Taché was not surprised that Taylor would have a different list, noting:

I believe you without hesitation. There were so many essays prepared, rejected and amended that there is no wonder at all that one or perhaps several of those essays, copied by Mr. Bunn [deceased], remained in his possession, and are now in yours; however, be sure your Bill of Rights is no more than mine — the one one that was drawn up by the representatives of the people in any public meeting assembled. There were two Bills of Rights framed and agreed upon in public meetings; one in November, 1869 [the Council of Twenty-four], and the other at the convention in January and February, 1870 [the Convention of Forty]. Every one acknowledges that the first was not acted upon; the second was presented to Mr. Donald A. Smith, was attached by himself to his own report, but was never handed to the delegates to be carried to Ottawa. I know perfectly well that the general impression was that this last bill of rights was the one given to the delegates to be used in Ottawa … I dispelled that idea fifteen years ago … [and indeed] the bill you contend was handed to the delegates contained conditions which are in no way and nowhere to be found in the bill framed by the convention [of Forty] … [specifically] clauses one and eleven. …

Our two bills have the same origin: they both emanate from the Provisional Government, having been prepared by the executive of that body … both were unknown by the general public previous to this discussion. Of necessity the one was substituted for the other, but observe, was substituted by the same authority which had prepared both. … [Like it or not] it is well known that the executives of governments, legal or illegal, do not always publish their actions; it is very seldom that the instructions to delegates are made public, especially in excited times and difficult negotiations.[11]

Further, Taché asserts he was an eyewitness to the events involving the delegates, whereas Taylor was not:

I saw myself the documents handed over to Rev. Mr. Ritchot and Judge Black by the officials of the Provisional Government. I had heard some of the objections made by them to certain articles of a first essay, and I saw some modifications made in my presence by the said officials. I heard the delegates declare that they would take … [the list shown below] as the basis of their negotiations; on their return the Rev. Mr. Ritchot and Mr. Scott affirmed repeatedly that they had acted accordingly.[12]

Finally, Taché noted that, when it came right down to it, there was nothing in Taylor’s copy of a List of Rights that proved when or why Bunn might have written it.[13]

In a letter to Taché, N.-J. Ritchot confirmed that the lists published by Taché were “exactly similar to the correspondent articles of the List of Rights which had been finally handed to me, as well as to my co-delegates, when we started to Ottawa.” Ritchot added, however, the observation that “I have not seen in Your Grace’s publication the 20th article of our List of Rights, though the article existed.”[14] Ritchot therefore furnished Taché with that text. Taché admitted that he had inadvertently misplaced the piece of paper on which it had been written and had not noticed the omission (the article not being one that had struck him as remarkably important). The complete twenty-point list is shown below.[15]


Bill of Rights

“Prepared by the executive of the provisional government and handed over to the Northwest delegates.”[16]

1. That the territory of the North-West enter into the Confederation of the Dominion of Canada as a province, with all the privileges common with all the different provinces in the Dominion.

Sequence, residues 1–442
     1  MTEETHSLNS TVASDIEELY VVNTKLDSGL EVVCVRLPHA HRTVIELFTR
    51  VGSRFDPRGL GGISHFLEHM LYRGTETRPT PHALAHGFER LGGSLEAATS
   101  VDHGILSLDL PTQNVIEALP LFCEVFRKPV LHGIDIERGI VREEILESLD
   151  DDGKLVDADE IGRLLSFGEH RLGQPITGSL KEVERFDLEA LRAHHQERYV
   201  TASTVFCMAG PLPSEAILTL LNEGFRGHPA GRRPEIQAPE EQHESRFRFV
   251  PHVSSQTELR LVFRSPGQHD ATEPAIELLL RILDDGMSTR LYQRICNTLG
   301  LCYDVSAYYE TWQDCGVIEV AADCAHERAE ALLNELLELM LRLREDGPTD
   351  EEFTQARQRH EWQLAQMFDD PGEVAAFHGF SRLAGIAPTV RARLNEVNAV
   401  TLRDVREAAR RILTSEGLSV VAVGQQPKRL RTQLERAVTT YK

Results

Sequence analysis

That this province be governed:

1. By a Lieutenant-Governor, appointed by the Governor-General of Canada.

2. By a Senate.

3. By a Legislature chosen by the people with a responsible Ministry.

2. That, until such time as the increase of the population in this country entitle us to a greater number, we have two representatives in the Senate, and four in the House of Commons of Canada.

3. That in entering the Confederation, the Province of the North-West be completely free from the public debt of Canada; and if called upon to assume a part of the said debt of Canada, that it be only after having received from Canada the same amount for which the said Province of the North-West should be held responsible.

4. That the annual sum of $80,000 be allotted by the Dominion of Canada to the Legislature of the Province of the North-West.

5. That all properties, rights and privileges enjoyed by us up to this day be respected, and that the recognition and settlement of customs, usages and privileges be left exclusively to the decision of the Local Legislature.

6. That this country be submitted to no direct taxation except such as may be imposed by the Local Legislature for municipal or other local purposes.

7. That the schools be separate, and that the public money for schools be distributed among the different religious denominations in proportion to their respective population according to the system of the Province of Quebec.[17]

8. That the determination of the qualifications of members for the Parliament of the Province, or for the Parliament of Canada be left to the Local Legislature.

9. That in this province, with the exception of the Indians who are neither civilized, nor settled, every man having attained the age of twenty-one years, and every foreigner being a British subject, after having resided three years in this country, and being possessed of a house, be entitled to vote at the elections for the members of the Local Legislature, and of the Canadian Parliament, and that every foreigner other than a British subject, having resided here during the same period, and being proprietor of a house, be likewise entitled to vote on condition of taking the oath of allegiance.

It is understood that this article is subject to amendment by the Local Legislature exclusively.